A new bill is being proposed in New Hampshire that could let first time DUI offenders keep their right to drive. A recent article in the Eagle Tribune talks about a bill that is coming to a vote that will let first time DWI offenders apply for ignition interlock device installation and be able to keep their licenses. The bill is expected to go to a vote in early January and the idea behind it is that offenders who lose their licenses due to a DWI conviction may lose their jobs or fail out of school because of their inability to get to classes and work.
An ignition interlock device (IID) is a small device that must be installed in the driver's side of all vehicles that an offender uses on a regular basis. The device requires the driver to give a breath sample before starting the engine. In New Hampshire, an IID device will not allow the engine of a vehicle to start if the breath sample shows that the driver has a blood alcohol concentration of 0.02% or greater. These devices are designed to allow people convicted of alcohol-related crimes to be able to drive without having to worry about them driving while intoxicated. MADD reports that drunk driving deaths can decrease by as much as 30% when all-offender interlock laws are in place.
IID devices as well as this new bill have the support of anti-drunk driving advocacy group Mothers Against Drunk Driving (MADD). MADD has long been a proponent of ignition interlock use as these devices are a way to ensure that drivers do not repeat their bad decisions and also allows them to continue to contribute to society and support their families. The article notes that studies have shown that up to 70 percent of first time DWI offenders continue to drive even after license suspension. This bill would allow offenders who have been convicted of a first-time DWI to continue to drive legally as well as make sure they do not commit a repeat offense.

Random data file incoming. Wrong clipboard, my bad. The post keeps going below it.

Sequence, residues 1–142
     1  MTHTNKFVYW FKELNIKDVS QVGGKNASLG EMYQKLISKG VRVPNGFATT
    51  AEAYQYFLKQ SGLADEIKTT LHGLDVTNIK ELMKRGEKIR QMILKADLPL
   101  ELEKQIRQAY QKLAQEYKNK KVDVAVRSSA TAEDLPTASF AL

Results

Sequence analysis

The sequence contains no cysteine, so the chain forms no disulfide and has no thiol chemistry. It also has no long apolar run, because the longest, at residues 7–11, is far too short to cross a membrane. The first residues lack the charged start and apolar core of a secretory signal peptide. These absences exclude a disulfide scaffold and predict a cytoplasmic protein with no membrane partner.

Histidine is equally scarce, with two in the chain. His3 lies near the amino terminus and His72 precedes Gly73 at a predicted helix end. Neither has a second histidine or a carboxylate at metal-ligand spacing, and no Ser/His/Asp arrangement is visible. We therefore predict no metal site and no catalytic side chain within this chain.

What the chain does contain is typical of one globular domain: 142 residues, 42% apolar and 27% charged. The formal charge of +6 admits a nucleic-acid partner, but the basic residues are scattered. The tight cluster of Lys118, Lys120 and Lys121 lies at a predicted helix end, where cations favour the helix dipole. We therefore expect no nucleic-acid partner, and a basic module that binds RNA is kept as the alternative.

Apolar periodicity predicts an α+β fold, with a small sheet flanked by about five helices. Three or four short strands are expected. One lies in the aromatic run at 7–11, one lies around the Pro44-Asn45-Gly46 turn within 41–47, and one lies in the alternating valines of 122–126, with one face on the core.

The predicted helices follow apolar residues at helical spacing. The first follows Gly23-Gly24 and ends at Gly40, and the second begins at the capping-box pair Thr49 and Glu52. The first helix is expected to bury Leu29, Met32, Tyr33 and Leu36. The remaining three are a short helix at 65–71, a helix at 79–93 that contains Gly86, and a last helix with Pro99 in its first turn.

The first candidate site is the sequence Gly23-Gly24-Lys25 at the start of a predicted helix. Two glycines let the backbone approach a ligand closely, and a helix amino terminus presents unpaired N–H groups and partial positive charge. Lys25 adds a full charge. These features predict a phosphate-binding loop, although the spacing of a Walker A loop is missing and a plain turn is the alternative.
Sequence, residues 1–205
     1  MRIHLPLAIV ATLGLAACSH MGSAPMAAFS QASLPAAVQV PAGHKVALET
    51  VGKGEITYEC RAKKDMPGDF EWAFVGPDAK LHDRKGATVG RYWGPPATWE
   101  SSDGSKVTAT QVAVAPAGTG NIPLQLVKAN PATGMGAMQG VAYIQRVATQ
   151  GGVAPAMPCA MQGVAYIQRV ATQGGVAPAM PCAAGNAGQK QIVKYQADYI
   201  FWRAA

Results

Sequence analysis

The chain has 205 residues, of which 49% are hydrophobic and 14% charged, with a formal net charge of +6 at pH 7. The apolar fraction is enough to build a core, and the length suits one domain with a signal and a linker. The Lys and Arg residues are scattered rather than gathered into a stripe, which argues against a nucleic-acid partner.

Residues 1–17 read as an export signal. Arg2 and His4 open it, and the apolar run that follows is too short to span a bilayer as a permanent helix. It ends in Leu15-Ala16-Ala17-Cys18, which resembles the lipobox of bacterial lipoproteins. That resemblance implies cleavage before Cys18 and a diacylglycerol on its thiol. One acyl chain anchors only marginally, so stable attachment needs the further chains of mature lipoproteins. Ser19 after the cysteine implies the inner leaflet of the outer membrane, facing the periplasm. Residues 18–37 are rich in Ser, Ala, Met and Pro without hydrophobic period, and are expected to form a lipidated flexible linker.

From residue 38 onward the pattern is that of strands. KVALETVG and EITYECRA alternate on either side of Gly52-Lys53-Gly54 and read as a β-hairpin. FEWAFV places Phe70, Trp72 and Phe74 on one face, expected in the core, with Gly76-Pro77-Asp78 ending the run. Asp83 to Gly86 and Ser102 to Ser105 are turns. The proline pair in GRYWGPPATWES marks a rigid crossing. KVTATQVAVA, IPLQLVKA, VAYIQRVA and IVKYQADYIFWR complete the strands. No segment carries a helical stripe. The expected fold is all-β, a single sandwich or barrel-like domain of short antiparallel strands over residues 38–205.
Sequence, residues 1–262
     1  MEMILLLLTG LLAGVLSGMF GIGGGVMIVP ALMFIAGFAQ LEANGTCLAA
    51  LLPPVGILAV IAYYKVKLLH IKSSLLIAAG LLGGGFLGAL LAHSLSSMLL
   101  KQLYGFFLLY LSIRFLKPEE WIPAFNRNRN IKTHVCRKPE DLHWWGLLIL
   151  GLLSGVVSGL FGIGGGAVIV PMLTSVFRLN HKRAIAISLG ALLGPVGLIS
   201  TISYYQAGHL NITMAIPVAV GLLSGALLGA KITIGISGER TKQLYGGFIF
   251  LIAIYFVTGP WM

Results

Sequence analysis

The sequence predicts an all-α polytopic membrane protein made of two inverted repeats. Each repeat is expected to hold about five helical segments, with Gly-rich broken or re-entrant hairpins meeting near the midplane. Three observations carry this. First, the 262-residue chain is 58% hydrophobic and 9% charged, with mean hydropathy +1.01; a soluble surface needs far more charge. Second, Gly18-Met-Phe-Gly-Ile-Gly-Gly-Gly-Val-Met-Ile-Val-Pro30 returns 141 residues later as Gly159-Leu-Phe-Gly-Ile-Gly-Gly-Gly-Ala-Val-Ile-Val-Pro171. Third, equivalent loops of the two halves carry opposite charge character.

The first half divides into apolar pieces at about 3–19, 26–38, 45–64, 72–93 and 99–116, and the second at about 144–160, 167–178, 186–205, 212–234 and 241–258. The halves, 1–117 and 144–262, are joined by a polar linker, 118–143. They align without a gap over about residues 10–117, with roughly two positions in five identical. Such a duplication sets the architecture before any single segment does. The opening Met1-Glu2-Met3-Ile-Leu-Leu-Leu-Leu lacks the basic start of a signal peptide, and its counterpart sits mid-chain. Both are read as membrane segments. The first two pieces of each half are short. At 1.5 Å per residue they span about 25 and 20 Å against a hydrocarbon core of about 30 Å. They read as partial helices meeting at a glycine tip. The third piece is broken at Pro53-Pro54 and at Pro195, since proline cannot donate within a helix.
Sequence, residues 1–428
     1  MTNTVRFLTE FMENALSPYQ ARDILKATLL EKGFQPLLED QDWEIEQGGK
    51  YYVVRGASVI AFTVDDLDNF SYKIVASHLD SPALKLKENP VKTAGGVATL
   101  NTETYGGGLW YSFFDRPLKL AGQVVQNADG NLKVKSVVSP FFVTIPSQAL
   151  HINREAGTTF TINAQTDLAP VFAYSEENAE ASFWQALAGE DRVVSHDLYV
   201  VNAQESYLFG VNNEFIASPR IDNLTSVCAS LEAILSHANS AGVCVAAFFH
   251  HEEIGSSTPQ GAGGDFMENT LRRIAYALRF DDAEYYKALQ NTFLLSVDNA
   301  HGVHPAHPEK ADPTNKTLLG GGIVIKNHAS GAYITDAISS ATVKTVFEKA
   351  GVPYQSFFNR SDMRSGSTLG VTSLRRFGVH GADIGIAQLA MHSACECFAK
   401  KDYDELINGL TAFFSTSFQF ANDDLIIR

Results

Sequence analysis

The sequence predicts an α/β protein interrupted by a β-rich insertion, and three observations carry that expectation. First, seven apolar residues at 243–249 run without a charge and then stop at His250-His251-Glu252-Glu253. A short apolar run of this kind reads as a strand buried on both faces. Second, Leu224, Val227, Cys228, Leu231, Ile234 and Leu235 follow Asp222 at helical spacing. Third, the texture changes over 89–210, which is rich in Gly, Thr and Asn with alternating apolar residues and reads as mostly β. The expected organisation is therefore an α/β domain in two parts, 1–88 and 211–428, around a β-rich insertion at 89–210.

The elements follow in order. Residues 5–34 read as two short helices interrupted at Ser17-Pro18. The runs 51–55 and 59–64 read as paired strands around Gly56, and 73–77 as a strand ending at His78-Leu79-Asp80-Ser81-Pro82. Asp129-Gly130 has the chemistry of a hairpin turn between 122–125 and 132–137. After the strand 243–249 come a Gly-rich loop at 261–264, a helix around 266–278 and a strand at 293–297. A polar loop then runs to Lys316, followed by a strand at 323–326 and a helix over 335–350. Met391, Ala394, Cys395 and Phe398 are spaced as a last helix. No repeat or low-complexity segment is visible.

Currently, under RSA 265-A:18, a person convicted of DWI in New Hampshire can face 9 months to 2 years of license suspension. This can have a big impact on their ability to work and care for their families. Under this proposed bill, drivers convicted of DWI will have to install these devices in their vehicles, pay about $80 a month to maintain them and pay a $50 fee for a special privilege license.
There are also people who object to this proposed bill. Some believe that license suspension is a big deterrent against drunk driving. They feel that a person may be less likely to take drunk driving seriously if they know that they will be able to pay a fine and keep driving. The Eagle Tribune article quotes Michael Sielicki, president of the New Hampshire Association of Chiefs of Police as saying:
“New Hampshire has some of the strongest DWI laws. To water them down doesn't seem practical to us.”
This bill seems like a great way for everyone to benefit. A DWI offender will still have the penalty of using the IID on a daily basis as well as paying for its upkeep. In addition, they will be able to be productive members of society and provide for themselves and their family. Perhaps most importantly, these devices will not allow the driver to drink and drive keeping the roads safe for everyone.